Seghesio Family Vineyards, located in Sonoma County, has long been known for quality wines, including their 2007 Zinfandel, which appeared on Wine Spectator’s list of the top 100 wines. But when harvest season has ended each year, the family shares another tradition - making sausage amidst the wine barrels.

The Seghesio family creates 2,000 pounds of sausage every December. They use Boston butt with 10 percent fat blended back in, because pork is much leaner now than when Pete’s grandmother created this recipe. Once the meat has been spread across a long table, family members pour a mixture of Zinfandel and fresh garlic across every 100 pounds of meat. Healthy doses of salt, pepper, nutmeg, clove, and allspice follow. Then dozens of gloved hands knead the meat to incorporate the seasonings.

The sausage machine (circa 1859) that has been used by the family since the late 1800s

In the early days, the Seghesios used an 1859 sausage machine. Although their grinding machines are newer now, filling the casings still requires plenty of hands-on attention. Pete blows into a sheath of cow intestine before placing it on a spout and then holds it tightly as meat fills the long casing. Expert hands tie-off the casing in six-inch lengths and then hang dozens of sausages on clotheslines near the wine barrels.
Pete Seghesio fills cow intestine with sausage

The Seghesio family also has turned this event into an annual party, attended by many members of their Centennial (wine) Club; some even help to make the sausage. As everyone works the wine flows, finished sausages sizzle in frying pans and neighbor, Frank Passalacqua, cooks risotto to accompany the freshly made meat. Pete shares samples of his own Sicilian-inspired sausage recipe with friends, full of fennel, fennel pollen, red pepper flakes, pepper, fresh garlic and secret ingredients.
Ed Seghesio, Chef Jon Helquist, Will and Pete Seghesio taste testing in the winery kitchen.

If you’d like to learn more about this lovely winter tradition, see their YouTube video,

Lisa visited Seghesio Family Vineyards during a press trip, in February 2008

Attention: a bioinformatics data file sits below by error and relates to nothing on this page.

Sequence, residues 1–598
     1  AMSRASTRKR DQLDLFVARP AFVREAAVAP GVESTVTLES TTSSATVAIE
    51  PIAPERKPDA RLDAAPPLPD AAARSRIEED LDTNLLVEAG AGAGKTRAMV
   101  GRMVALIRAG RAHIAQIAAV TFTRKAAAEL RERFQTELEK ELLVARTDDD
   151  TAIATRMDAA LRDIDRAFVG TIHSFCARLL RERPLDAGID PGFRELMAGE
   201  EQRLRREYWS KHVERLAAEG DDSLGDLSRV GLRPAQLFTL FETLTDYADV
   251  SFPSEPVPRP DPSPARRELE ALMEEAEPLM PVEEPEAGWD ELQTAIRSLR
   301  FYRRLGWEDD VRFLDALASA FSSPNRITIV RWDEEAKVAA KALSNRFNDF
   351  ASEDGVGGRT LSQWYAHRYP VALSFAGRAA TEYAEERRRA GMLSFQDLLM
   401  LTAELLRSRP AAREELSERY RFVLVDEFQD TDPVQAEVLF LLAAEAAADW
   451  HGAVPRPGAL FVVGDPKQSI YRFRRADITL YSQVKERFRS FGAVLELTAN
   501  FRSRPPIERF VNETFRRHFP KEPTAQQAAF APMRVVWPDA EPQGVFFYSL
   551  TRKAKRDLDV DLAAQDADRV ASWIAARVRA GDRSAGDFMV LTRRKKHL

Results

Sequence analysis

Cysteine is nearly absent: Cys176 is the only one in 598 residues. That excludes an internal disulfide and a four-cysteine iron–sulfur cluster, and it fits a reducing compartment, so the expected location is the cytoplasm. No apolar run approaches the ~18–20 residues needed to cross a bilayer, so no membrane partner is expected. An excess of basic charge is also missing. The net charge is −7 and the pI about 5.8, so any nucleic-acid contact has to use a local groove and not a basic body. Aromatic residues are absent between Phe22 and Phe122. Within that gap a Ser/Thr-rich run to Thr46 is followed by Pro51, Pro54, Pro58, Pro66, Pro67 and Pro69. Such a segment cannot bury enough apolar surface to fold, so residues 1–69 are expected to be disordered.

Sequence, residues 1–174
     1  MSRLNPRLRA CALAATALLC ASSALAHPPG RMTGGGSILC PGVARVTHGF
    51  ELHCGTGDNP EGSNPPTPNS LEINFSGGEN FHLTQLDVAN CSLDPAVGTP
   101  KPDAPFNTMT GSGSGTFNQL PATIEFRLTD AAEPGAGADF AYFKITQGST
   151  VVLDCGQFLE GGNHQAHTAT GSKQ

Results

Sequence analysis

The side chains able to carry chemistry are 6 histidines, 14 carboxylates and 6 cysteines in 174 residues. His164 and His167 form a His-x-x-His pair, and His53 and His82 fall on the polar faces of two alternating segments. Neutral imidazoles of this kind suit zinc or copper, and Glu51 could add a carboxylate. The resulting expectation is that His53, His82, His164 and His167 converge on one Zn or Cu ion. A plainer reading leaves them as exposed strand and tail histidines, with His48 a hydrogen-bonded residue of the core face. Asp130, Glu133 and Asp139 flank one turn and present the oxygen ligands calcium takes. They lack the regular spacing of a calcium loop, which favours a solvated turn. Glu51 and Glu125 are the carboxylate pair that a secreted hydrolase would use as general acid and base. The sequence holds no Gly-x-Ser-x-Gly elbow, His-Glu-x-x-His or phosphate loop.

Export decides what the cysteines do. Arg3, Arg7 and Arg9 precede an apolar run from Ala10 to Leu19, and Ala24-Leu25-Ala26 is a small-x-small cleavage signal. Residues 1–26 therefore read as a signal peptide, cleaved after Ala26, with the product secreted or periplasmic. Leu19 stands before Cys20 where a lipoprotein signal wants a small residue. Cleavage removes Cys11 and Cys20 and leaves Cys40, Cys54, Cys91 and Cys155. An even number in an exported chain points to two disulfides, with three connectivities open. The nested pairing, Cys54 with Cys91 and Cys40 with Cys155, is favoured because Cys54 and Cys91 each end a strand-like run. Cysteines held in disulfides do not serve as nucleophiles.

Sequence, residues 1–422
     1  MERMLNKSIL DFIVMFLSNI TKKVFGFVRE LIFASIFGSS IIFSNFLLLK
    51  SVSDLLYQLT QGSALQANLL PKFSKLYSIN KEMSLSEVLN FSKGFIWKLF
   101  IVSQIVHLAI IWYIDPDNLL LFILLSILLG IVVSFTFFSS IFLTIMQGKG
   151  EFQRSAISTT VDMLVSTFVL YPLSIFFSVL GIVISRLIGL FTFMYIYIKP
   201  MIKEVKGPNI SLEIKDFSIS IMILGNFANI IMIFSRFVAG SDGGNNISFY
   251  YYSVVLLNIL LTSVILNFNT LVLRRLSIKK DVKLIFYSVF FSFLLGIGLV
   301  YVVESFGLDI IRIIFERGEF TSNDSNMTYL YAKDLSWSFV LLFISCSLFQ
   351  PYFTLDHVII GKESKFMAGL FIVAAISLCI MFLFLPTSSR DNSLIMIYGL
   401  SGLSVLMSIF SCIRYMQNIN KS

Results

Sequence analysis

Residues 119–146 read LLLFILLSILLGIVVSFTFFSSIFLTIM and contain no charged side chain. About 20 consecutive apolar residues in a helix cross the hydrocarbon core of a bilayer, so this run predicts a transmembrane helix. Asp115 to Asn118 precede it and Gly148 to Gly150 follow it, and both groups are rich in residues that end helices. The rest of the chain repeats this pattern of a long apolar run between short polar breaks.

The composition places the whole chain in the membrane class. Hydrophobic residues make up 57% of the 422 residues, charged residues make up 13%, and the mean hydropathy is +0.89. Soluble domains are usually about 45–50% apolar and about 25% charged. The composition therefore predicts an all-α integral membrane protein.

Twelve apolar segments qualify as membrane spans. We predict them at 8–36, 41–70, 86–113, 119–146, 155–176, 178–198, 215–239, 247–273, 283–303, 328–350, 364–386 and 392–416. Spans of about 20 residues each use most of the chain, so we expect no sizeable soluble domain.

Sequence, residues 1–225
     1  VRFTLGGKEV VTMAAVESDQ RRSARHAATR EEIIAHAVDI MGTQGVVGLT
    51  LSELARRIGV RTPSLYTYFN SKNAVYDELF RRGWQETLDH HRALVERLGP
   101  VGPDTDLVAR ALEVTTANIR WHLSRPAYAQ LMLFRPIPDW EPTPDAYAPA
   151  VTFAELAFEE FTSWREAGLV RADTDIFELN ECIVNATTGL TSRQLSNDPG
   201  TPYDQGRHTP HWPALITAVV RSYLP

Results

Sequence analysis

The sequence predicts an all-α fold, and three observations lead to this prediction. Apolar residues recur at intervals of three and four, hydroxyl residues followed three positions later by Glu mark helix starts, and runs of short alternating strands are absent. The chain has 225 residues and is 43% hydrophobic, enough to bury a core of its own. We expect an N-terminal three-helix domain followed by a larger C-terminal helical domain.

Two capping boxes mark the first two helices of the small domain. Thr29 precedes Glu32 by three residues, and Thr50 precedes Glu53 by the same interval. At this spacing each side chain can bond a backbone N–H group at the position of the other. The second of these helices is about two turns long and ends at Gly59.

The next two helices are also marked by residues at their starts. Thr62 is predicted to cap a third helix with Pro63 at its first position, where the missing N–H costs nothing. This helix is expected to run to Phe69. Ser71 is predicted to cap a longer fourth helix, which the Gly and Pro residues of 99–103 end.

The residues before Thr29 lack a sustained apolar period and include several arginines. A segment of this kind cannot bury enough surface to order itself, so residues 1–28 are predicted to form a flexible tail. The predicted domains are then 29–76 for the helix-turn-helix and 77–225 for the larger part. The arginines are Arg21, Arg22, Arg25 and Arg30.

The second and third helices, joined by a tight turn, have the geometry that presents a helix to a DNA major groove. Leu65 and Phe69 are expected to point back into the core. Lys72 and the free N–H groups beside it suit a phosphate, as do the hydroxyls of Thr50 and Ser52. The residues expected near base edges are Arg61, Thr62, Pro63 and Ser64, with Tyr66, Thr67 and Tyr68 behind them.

Birthday Baking With Chocolate and Coffee

My birthday was coming up in several days and my husband, Mark, asked how I wanted to celebrate. Among other things, I mentioned that I might want a birthday cake.

But then this baking enthusiast realized that Mark wouldn't want to make a cake - great grilling and awesome breakfast food are his favorite kinds of cooking - and I really didn't want him to buy a cake. So I decided to combine two of my favorite flavors - chocolate and coffee - while celebrating my birthday and my joy in baking.

I started with a Chocolate Buttermilk 'Sheet Cake' recipe from Better Homes and Gardens NEW COOK BOOK and the tweaking began, with substitution of whole wheat pastry flour for unbleached flour and olive oil for half of the butter, a little less sugar, the addition of coffee. Then I put the batter in round cake pans so that I could create a layered cake with loads of frosting. See what you think:

Lisa's Dark Chocolate Layer Cake
Makes 16-20 servings

2 cups whole wheat pastry flour
1 3/4 cups sugar
1 teaspoon baking soda
1/4 teaspoon salt
1/2 cup butter
1/3 cup unsweetened cocoa powder
1 cup water
1/2 cup olive oil
2 eggs
1/2 cup buttermilk
2 tablespoons strong coffee
1 1/2 teaspoons vanilla

Grease and flour two 9-inch round cake pans and preheat oven to 350 degrees. Then combine flour, sugar, baking soda and salt; set aside.

In a medium saucepan combine butter, cocoa powder and water. Bring mixture just to boiling, stirring constantly. Add and incorporate olive oil. Add chocolate mixture to flour mixture and beat with an electric mixer on medium to high speed, until thoroughly combined. Add eggs, coffee, buttermilk and vanilla. Beat for 1 minute - batter will be thin.